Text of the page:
What Overseas Lawyers Need to Know About Filing U.S. Trademark Applications

The U.S. Patent and Trademark Office recently changed rules that significantly impact how trademark applications are submitted from foreign entities. Our firm has had recent inquiries from overseas attorneys wondering how to navigate these new laws. Read on to learn the ins and outs of pursuing trademark applications in the United States when you’re a foreign corporation. 

The New Foreign Trademark Application Law: The Basics

The new rule only applies to trademark applicants: When you're a foreign-based entity (i.e., a company or individual located outside the United States), you are now required to submit your application through a U.S.-based attorney. This rule does not apply to any domestic company or individual. If you reside in the United States or have a commercial establishment in the United States, you may still file trademark applications without the use of an attorney, should you so desire.

Why the Change Was Implemented

The rule change for foreign entities was created due to the influx in foreign companies and individuals submitting trademark applications at the USPTO. Specifically, China has been providing subsidies to anyone who obtains a registered mark in a foreign country. Officially, the Chinese government has stated that this program is to encourage people and companies to grow their business overseas. However, whether knowingly or not, this subsidy program has increased fraudulent trademark submissions to the USPTO.  

Prior to the Chinese subsidy program, the USPTO was able to properly manage foreign trademark submissions. However, when the Chinese government began offering $800 for every foreign registered mark obtained, the fraudulent submissions (e.g, fraudulent specimens of use) at the PTO became unruly, requiring action.  

Related: Update on China’s Amended Trademark Laws

In the United States, you must establish use of a mark to obtain a registration. In order to obtain a registration of marks submitted from China, the USPTO began to notice an influx of fraudulent specimen. For example, if the applicant was pursuing a registered trademark on an apparel brand, the applicant may cut off the hangtag of the actual brand of the apparel item and replace it with a hangtag displaying the applied-for mark. The trademark office realized this was an issue because the same image displaying a different hangtag was being submitted in additional applications.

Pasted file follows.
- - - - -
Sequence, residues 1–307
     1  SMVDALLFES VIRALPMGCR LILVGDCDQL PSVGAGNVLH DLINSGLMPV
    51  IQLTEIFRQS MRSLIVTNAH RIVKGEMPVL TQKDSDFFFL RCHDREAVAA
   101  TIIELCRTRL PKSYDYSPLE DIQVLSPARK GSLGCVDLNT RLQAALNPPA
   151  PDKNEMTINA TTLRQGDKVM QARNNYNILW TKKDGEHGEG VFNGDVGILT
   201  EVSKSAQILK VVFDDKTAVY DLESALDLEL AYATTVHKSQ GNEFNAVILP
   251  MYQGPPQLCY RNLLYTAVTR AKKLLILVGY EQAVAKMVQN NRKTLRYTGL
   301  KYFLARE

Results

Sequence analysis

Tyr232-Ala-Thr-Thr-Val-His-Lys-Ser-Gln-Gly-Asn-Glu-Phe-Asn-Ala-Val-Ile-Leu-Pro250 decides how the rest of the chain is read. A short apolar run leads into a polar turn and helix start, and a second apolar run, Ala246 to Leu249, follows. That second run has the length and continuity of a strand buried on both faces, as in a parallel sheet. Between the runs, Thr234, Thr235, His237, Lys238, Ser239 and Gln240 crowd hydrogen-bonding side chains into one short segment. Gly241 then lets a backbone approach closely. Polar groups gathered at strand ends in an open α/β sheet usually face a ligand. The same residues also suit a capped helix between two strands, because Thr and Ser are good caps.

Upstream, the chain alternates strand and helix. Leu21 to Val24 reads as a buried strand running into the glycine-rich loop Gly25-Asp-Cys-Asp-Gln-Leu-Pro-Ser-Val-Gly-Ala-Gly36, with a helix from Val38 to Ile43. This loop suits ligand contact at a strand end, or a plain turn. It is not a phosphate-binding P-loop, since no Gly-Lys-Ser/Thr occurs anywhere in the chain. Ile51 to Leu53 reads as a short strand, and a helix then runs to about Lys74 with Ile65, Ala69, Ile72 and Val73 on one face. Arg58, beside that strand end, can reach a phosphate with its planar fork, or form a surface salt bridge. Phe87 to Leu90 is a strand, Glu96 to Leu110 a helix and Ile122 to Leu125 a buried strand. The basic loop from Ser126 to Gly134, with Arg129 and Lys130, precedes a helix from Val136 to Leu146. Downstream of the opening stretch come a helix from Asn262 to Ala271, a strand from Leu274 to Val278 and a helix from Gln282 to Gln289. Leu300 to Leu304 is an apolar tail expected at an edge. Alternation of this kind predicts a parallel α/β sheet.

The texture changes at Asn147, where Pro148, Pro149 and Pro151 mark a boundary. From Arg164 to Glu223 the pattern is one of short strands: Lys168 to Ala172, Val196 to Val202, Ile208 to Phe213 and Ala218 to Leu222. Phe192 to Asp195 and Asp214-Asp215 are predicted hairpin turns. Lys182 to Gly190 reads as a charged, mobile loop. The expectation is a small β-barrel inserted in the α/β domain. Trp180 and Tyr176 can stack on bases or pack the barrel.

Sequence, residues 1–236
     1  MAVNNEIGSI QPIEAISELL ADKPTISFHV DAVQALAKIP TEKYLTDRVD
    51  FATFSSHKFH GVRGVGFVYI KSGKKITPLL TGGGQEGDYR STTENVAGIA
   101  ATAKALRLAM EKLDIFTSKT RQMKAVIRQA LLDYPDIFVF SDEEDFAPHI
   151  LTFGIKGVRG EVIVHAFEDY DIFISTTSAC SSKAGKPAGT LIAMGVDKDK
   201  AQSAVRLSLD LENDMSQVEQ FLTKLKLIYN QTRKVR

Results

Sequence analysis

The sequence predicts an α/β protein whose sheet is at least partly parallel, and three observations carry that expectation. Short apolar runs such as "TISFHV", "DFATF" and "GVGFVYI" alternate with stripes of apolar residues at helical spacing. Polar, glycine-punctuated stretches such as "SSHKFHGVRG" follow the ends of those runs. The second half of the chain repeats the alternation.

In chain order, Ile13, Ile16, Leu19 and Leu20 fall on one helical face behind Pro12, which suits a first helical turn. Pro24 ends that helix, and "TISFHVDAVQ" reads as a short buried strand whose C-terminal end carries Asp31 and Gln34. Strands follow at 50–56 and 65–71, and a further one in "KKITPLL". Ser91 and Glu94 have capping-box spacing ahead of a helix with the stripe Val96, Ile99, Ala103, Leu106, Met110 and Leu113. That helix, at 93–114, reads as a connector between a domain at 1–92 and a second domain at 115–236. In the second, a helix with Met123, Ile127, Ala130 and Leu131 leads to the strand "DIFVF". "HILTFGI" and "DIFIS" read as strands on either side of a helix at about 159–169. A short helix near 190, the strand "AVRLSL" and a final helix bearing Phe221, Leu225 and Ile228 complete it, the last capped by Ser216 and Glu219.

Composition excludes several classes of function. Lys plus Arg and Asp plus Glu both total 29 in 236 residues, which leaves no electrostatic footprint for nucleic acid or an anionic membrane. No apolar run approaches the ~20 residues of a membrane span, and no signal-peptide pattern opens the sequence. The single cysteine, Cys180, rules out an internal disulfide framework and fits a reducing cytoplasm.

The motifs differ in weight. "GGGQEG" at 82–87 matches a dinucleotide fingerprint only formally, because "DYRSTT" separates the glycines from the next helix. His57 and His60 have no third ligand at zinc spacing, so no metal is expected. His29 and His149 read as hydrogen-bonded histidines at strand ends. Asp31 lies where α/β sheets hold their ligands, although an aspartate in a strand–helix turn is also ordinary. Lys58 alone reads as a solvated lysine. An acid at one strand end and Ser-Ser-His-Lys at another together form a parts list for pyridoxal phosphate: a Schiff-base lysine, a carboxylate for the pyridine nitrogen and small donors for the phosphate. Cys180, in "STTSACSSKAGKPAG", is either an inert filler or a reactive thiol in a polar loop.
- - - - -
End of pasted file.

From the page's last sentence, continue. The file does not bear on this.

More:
The new rule was implemented to prevent fraudulent submissions. Requiring U.S.-based counsel to submit trademark applications/specimen submissions should prevent fraudulent marks from being unknowingly issued, thereby preventing further degradation of the integrity of this U.S. trademark system. This rule also ensures the ability to discipline attorneys who do submit fraudulent information to the trademark office. Prior to this rule being submitted, it was difficult to discipline overseas applicants and attorneys. The new process should help prevent a large number of fraudulent submissions from registering.

Reactions and Implications in the Legal World at Large

Unfortunately, such a rule change will affect all foreign nationals and not just the bad actors. So, if you’re a law firm in Canada or Australia and have been effectively handling U.S. trademark applications on behalf of your clients, you’re no longer able to continue to do so without the help of a U.S.-based attorney or law firm.  

However, even with the new rule, the foreign firm will continue to manage the client. The communication with the U.S. firm would likely consist of a request to submit a U.S. trademark application. Given the foreign firm’s prior expertise in U.S. trademark law, such a request would likely include the information necessary to submit the application on behalf of the client/applicant, with potentially little to no color provided by the U.S.-based attorney.